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In re Fink

4 B.R. 741 (1980)

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In re Fink

United States Bankruptcy Court for the Western District of New York

4 B.R. 741 (1980)

Facts

Pauline Fink (debtor) purchased a mobile home from a mobile-home dealer and granted the dealer a security interest in the mobile home. The dealer transferred the security interest to Endicott Trust Company of New York (Endicott) (creditor), which filed a financing statement describing the mobile home. Soon after purchasing the mobile home, Fink purchased the real property that the mobile home was to sit on from Wemco Corporation (creditor). Wemco was given a purchase-money security interest in the real property. The mobile home was placed on a concrete foundation on the real property. Shingles and roofing were installed on the mobile home, and the various sections of the home were bolted together. A septic system was installed, and water lines and electricity were connected. Essentially, the mobile home was constructed on the real property in a similar fashion to traditional homes. Fink later filed for bankruptcy. Endicott filed a claim related to its security interest in the mobile home. The bankruptcy trustee moved to avoid Endicott’s claim, arguing that Endicott did not have a perfected security interest in the mobile home. Although Endicott had filed a financing statement to perfect its security interest, the trustee asserted that Endicott improperly had followed the requirements to perfect a security interest in personalty, rather than a fixture. To perfect a security interest in a fixture, a party was required to file a financing statement in the office where the mortgage on the real property was filed. The financing statement also had to contain a description of the relevant real property. Endicott opposed the trustee’s motion, arguing that the mobile home was personalty rather than a fixture.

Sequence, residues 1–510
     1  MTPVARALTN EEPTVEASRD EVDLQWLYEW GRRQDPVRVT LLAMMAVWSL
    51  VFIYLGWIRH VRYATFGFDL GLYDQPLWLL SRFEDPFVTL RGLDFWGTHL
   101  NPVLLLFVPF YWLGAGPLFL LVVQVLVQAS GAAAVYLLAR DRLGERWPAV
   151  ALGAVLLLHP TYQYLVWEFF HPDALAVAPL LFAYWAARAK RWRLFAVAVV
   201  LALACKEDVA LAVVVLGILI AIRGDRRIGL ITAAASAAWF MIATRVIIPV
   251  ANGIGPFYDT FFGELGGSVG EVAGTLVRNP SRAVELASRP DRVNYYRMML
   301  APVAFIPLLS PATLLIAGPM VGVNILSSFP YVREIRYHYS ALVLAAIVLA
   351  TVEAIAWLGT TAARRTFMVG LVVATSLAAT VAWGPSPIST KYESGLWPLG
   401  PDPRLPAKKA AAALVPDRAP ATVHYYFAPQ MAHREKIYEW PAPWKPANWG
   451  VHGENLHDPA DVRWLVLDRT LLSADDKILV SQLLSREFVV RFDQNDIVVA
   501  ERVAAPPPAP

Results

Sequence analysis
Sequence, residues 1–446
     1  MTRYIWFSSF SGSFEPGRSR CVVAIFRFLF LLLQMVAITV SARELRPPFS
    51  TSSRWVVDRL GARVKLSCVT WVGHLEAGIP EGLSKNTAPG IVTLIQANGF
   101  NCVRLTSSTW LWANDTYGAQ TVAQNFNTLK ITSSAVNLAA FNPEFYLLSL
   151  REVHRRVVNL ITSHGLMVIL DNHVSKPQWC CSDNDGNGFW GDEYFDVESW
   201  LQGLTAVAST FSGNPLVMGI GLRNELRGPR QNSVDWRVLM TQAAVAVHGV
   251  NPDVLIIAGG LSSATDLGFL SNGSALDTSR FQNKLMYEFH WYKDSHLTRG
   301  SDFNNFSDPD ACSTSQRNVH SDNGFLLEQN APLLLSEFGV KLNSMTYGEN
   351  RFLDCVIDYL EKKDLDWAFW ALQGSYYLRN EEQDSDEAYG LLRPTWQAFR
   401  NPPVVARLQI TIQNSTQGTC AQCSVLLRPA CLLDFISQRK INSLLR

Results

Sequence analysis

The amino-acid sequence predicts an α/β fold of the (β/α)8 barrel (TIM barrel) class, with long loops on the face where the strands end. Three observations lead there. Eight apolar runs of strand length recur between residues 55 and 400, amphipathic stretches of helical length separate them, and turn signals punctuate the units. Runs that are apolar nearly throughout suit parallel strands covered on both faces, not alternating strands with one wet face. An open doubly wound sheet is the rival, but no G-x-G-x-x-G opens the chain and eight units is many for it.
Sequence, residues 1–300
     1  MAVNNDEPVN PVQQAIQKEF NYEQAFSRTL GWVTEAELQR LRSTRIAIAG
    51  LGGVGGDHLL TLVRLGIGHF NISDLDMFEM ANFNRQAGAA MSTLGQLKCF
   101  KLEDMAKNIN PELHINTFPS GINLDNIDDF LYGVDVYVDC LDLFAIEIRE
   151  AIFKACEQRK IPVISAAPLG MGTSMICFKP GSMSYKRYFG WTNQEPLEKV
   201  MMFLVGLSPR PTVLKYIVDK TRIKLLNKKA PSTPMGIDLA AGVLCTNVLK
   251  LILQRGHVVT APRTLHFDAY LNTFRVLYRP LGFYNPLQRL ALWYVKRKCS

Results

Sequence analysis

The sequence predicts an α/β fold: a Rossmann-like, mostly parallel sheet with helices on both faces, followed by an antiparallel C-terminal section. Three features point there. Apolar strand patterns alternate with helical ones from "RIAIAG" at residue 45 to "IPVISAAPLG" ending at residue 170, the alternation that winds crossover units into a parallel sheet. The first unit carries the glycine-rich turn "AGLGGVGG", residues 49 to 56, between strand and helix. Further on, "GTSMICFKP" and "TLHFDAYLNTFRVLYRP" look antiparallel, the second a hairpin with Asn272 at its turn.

Rule of Law

Issue

Holding and Reasoning (Hayes, J.)

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